Similar to Powers and Top 10, the series is about a Chicago law enforcement division, staffed by super powered and unpowered individuals, focusing on fighting supervillains. The added twist is that this world takes place in 1962, and has more of a grittier feel and deals with issues like labor relations--which makes sense since the acronym stands for Chicago Organized Workers League--(and a little bit about women's rights, but surprisingly nothing about race). The genre is not a favorite of mine, but it is enjoyable, with interesting characters, and good--if not necessarily original--plot. Unfortunately, I'm not a fan of Rod Reis's art and some of the coloring bothers me although both points are rather subjective. It's definitely worth looking at. COWL

Joker - Brian Azzarello

I really enjoyed this take on the Batman villain, the insane Joker, as told by a henchman. Azzarello does a nice job with small details, such as keeping timeframes out of the equation, as well as larger ones, such showing how someone might be enraptured into a sociopath's world. I did feel the ending just sort of happened and thus was disappointed with that. Jeff Bermejo's art created "realistic" depictions of the usual suspects with a harsh horrific style that was perfect for this work. 

The Punisher (vol 10): Valley Forge, Valley Forge - Garth Ennis

I liked this collection, probably because it didn't have Ennis's  typical Punisher tropes (see here). Instead it is a story that has been building involving a group of generals that have been deep in very shady actions who decide to deal with their vigilante problem by sending Delta force after The Punisher. The tale deals with concepts of honor and loyalty and the decline in American values (and I'm not talking BS like letting gays in the military, although there are a lot more long haired guys in Ennis's special forces than I would figure). It was a solid tale of deceit and revenge. See what happens, Ennis, when you give up on cliches?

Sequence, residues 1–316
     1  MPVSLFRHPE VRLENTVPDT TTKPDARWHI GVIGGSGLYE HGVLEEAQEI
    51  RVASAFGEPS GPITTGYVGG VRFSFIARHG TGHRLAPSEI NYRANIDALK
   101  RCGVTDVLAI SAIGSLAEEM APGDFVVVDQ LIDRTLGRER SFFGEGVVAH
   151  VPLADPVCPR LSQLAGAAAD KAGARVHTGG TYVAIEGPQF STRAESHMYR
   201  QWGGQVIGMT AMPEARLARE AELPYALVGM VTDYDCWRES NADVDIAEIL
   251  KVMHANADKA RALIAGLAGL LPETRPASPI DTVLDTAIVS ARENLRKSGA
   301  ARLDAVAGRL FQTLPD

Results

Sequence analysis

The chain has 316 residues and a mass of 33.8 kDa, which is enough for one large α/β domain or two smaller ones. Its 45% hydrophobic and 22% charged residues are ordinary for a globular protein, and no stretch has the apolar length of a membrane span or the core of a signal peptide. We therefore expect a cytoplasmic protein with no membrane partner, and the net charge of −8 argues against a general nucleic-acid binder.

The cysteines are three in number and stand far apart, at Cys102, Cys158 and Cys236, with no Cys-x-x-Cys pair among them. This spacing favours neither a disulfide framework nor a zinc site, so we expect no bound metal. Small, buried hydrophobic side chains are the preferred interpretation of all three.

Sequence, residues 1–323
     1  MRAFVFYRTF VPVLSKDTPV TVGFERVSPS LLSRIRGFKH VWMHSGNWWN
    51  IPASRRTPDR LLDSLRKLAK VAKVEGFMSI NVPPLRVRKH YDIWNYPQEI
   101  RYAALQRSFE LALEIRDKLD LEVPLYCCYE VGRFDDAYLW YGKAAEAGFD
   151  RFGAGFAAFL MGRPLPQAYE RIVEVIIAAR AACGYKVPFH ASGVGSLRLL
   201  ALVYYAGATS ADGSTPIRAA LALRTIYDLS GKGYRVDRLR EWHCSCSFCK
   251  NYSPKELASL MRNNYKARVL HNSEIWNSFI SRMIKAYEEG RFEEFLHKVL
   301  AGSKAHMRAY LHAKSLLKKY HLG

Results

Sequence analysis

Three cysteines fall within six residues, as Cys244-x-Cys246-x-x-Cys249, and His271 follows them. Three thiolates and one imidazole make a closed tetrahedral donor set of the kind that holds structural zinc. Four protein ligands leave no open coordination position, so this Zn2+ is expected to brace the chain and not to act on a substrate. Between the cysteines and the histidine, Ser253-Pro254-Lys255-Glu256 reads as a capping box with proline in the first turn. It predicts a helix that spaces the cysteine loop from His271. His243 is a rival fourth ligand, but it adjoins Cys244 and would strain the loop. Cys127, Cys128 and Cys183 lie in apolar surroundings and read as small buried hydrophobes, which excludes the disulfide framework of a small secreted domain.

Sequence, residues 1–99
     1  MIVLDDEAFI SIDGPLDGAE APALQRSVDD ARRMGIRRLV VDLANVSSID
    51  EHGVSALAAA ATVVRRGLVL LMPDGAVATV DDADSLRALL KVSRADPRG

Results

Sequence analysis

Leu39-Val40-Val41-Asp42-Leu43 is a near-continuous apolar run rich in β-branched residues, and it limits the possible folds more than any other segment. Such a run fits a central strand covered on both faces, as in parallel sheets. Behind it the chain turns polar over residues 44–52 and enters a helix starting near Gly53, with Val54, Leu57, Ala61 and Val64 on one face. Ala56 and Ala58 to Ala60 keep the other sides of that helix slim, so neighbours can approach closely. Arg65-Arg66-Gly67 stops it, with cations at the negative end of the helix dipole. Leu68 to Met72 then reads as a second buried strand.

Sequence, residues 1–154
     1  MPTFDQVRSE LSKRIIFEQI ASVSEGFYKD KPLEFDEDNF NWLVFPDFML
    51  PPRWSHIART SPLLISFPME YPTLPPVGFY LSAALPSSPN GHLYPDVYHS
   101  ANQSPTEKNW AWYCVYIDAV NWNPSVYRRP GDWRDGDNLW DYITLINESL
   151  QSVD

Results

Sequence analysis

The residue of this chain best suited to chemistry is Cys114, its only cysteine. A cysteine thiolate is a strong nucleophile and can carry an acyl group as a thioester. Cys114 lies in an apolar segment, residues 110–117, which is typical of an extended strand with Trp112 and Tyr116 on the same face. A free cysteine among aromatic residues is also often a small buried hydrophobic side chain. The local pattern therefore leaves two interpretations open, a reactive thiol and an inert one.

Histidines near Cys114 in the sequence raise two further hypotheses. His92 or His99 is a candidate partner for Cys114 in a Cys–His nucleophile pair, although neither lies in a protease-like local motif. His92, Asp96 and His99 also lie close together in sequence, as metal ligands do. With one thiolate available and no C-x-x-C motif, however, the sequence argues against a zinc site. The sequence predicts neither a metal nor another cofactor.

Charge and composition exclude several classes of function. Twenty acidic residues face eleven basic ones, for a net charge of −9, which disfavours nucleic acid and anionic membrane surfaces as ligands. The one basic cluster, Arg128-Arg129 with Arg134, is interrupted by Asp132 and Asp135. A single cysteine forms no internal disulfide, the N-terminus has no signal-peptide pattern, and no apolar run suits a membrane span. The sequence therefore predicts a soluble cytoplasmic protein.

Seriously? Perhaps the most sensible part of this movie was the title. Beautifully animated yes, but this interminable story about punk criminals in some crazy city was torture to watch. Other than using it at Gitmo I have little to say as I've wasted enough time on it.   

Two Gun Hart: Lawman, Cowboy, and Long-Lost Brother of Al Capone - Jeff McArthur

Second generation Italian immigrant, horse rider/ acrobat/ boxer/ wrestler/ circus performer, music lover, blue collar worker, honored Veteran of World War I, Nebraskan Marshall, agent of the Bureau of Indian Affairs, temporary bodyguard to President Coolidge, delusional and intractable in seeing the world in anything but black and white, idolizer of movie star Cowboys, perjurer, and flamboyant enforcer of the 18th amendment, are all terms that could be used to describe Vincenzo Capone, or Richard Hart, or one of the other names he (and others) called “Two Gun,” but if you called him anything at all—and that is extremely doubtful for anyone prior to reading this book—you would have called him the big brother of Al Capone: the most notorious Prohibition gangster of them all. This is a story so unbelievable, so incredible, it can only be true. The author does a fantastic job painting a vividly detail portrait of a man most could not even have imagined existed. Seamlessly written, the author takes the life of Richard “Two Gun” Hart and breaks it down into digestible chunks, brilliantly illustrating the people, times, and events that surrounded, influenced, and shaped the “other” Capone. This is not simply a book one reads, so much as devours, and not alone, as I constantly felt the need to share in the discoveries of the book, reading passages to friends and family alike just to see the shocked and thrilled expressions on their faces that must have mirrored my own. Even people who lived to the times discussed, were still taken aback in disbelief. It is disappointing that the citations to clarify the many fascinating historical events are broadly listed at the end only, making it difficult to allow the reader to separate and make their own opinion about some of the speculations that the author engages in on occasion (for example, he continues with the faulty notion that a cow caused the great Chicago fire), although not without circumspection and insight. It additionally could be argued that the author is too reliant on integrating information about the criminal Capones with that of their long lost brother (who is, after all, the centerpiece of the story), a fact that he touches upon at the end, although the vast majority of it is clearly necessary to broaden the understanding of “Two Gun.”

The story is historically fascinating, poignant and deeply moving; a true adventure tale that speaks to the American character. It is a story about immigration, American values (and their mercurial manifestations), the (im)possibilities of (re)defining oneself, and family—for better or for worse. I can't imagine someone not wanting to read this book. Find out more about the author and his works here

Better Call Saul